By breaking the bread fruit trees etc, the hurricane beached two large ships which were in the harbour, one American and one English. Those two ships were both whalers. The English ship had only just started its maiden voyage and was very well stocked with provisions so that we could procure our year’s supply of flour, biscuits, salted meat, because fresh meat is now pretty much unknown here. In addition Father Dubreul complains that his body is quite salty.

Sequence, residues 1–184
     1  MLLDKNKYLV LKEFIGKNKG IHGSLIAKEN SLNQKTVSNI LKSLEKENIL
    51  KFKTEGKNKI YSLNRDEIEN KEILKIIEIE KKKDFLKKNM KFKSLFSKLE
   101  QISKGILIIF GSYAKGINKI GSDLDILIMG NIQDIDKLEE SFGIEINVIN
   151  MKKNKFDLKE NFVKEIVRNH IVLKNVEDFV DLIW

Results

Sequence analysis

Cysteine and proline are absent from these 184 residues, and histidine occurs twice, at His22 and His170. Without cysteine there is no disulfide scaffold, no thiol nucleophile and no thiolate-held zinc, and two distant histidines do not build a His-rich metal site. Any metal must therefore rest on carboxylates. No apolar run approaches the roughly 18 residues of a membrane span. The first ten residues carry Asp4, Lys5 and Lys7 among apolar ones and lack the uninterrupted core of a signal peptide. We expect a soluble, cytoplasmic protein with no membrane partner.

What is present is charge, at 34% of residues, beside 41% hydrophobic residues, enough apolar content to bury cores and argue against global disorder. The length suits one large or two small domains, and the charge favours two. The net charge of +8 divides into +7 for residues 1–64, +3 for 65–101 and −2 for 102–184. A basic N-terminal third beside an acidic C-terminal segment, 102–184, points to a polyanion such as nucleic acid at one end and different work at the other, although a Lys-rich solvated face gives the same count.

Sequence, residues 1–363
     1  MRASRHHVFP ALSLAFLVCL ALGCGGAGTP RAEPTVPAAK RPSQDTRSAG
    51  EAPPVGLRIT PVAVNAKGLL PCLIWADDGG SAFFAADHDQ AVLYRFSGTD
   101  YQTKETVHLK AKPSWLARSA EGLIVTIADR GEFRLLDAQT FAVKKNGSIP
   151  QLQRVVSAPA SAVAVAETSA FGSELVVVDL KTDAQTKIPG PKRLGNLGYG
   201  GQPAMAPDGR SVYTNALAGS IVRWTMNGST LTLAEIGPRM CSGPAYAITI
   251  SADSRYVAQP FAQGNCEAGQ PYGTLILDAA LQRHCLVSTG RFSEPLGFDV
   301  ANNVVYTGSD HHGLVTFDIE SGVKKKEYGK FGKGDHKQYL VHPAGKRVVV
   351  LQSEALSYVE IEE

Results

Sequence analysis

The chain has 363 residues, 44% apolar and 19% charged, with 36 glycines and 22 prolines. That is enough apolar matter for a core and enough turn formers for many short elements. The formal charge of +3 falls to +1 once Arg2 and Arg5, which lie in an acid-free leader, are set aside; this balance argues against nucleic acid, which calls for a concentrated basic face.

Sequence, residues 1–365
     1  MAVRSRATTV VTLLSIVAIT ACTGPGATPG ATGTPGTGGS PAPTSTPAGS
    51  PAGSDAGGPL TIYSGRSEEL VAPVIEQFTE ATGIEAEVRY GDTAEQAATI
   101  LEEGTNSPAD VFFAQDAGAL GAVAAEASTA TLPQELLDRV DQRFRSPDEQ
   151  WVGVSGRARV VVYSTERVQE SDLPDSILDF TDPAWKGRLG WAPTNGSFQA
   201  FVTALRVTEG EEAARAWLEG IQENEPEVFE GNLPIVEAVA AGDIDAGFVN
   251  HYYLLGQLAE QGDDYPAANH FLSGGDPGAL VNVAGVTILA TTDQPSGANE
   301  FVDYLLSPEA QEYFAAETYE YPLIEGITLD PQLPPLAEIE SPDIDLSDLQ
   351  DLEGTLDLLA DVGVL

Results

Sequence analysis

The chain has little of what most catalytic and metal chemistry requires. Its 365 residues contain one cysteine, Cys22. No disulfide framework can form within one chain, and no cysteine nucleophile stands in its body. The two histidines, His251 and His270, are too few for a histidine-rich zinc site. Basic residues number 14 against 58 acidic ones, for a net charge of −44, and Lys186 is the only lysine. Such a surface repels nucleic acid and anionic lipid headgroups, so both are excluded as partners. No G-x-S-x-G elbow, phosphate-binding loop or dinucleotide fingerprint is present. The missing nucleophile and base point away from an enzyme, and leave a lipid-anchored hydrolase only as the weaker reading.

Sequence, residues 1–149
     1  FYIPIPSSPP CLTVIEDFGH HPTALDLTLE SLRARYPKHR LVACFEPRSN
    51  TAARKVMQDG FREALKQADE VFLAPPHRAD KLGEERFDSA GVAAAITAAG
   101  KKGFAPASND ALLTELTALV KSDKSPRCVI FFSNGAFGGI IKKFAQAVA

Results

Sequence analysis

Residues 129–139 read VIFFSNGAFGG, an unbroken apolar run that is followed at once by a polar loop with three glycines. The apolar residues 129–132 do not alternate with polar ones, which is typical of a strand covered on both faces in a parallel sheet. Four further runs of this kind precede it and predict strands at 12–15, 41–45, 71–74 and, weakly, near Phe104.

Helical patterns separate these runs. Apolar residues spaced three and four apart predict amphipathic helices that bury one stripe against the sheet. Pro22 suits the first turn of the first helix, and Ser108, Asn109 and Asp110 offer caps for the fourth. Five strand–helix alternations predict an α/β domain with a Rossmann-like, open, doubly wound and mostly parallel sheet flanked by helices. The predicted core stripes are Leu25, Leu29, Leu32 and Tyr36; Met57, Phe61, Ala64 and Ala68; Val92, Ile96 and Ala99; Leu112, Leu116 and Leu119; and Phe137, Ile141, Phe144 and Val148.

In the midst of all that what is becoming of our mission station? Progress is nil. The natives are no longer interested in religion; they are absorbed quite entirely with war, but at least if we haven’t the consolation of seeing our flock increasing, we have the consolation of seeing Protestantism disappearing little by little. Bored with no longer finding here what they found elsewhere, the Protestant missionaries obliged to pay an arm and a leg, so to speak, for everything they need are one by one taking the wisest decision, namely that of leaving the mission field. Only a few days ago the well known Williams, the American consul left after going to the different villages to say goodbye formally, and after paying the natives so that they fired their rifles at the very moment the ship that was taking him away was weighing anchor. That was done. Several letters sent from Samoa have undoubtedly made you aware of Williams.